Responsibility Gun Control Term Paper

Excerpt from Term Paper :

regulated Militia, being necessary to the security of a free State, the right of the people to keep and bear Arms, shall not be in fringed. (Amendment II to the Constitution of the United States)

The preceding sentence has inspired a great deal of controversy over the years. Gun control is a heated topic in both American politics and in civil discourse throughout the nation. The issue has had a profound effect on lobbyists and on the general public. Issues revolving around gun control and the constitutionality of both new and old laws constantly see media attention. Every time there is a school shooting or a justifiable homicide, large numbers of advocates for gun control and opponents against the issue arise. Indeed, the politics of gun control and the rights of gun ownership inspire heated and emotional debates throughout the nation.

The concept of gun control is ultimately flawed. The vast majority of those who use weapons in violent offenses have not attained them through legal means. In other words, it is common for stolen guns to be used for criminal acts. The result is that one's own personal responsibility with firearms is far more important than gun control legislation. The reality is that to be a responsible gun owner, one must be aware that he or she owns a weapon. A gun is not a toy, nor something that should be glorified as is common in movies. Guns must be protected from larceny and from misuse. To own a gun is to be responsible for the weapon and one's own actions with said weapon.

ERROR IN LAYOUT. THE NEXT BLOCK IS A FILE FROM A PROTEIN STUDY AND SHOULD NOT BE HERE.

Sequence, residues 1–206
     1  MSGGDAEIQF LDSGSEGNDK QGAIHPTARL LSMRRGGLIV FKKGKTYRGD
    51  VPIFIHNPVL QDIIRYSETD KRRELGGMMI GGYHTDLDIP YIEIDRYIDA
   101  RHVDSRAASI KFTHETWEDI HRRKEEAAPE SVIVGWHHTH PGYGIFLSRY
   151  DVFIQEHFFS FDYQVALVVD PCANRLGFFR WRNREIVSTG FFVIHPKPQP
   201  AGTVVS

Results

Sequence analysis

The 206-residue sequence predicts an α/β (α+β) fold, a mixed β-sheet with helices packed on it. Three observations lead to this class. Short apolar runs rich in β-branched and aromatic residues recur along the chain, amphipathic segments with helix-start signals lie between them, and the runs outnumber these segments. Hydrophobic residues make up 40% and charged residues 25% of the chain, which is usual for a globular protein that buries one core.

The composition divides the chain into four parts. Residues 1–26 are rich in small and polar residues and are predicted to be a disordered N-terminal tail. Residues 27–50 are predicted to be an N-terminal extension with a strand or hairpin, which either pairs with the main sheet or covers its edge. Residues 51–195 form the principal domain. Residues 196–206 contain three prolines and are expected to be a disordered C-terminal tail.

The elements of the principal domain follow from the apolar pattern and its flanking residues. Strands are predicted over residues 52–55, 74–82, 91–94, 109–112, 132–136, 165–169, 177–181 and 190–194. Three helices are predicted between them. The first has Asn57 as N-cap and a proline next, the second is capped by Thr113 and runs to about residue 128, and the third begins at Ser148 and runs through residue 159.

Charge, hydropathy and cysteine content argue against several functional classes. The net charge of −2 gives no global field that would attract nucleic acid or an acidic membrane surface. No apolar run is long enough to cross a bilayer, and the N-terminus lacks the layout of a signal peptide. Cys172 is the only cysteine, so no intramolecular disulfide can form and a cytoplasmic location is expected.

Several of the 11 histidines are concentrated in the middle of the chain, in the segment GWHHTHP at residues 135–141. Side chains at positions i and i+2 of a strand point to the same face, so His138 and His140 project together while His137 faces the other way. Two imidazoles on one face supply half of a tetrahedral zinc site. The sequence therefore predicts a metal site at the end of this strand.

Greg Claus contends that to own a gun one must be responsible for the use of the weapon. In his article, "With Gun Ownership Comes Great Responsibility," he writes of an incident wherein an intoxicated man attempted to enter a house that was not his own. The home owner shot and killed the man as he entered his house. This particular home owner was not faced with a threat to his life, but he shot the man anyway. Claus does not attack the home owner for having a gun, but instead criticizes him for his rash and somewhat unprovoked violence. "The problem," Claus writes. "Is with how coarsely we treat the sanctity of human life." He continues to talk about the possible implications to gun control litigation, but that is not the focus of the article. The focus is responsibility. He finishes his assessment of the situation by writing, "civilized society cannot now nor ever allow fear alone to be justification for killing another person."

Claus's article is concise and well written. He took an issue - the mistaken shooting of a drunk man - and evaluated the issue from a pro-gun perspective. He clearly relates the story to his intended audience and then begins to explore issues of responsibility in gun ownership as filtered through the incident described. Certainly Claus makes a number of assumptions about the incident or perhaps he just did not include his source material. He assumes that there was no violence preceding the shooting and he assumes that the shooter used his weapon without warning the intruder and without provocation. It appears Claus has a good understanding of human nature and one's need to react in light of fear so his assumptions are not that far out. Indeed,…

Sources Used in Document:

Works Cited

1) North, Gary. "Gun Ownership in Iraq." Lew Rockwell. 7 March 2003.


Claus, Greg. "With Gun Ownership Comes Great Responsibility." The Press Republican. 16 June 2002.

Ashcroft, John. "Defense of the Second Amendment." United States Senate Republican Policy Committee. 23 September 1998.

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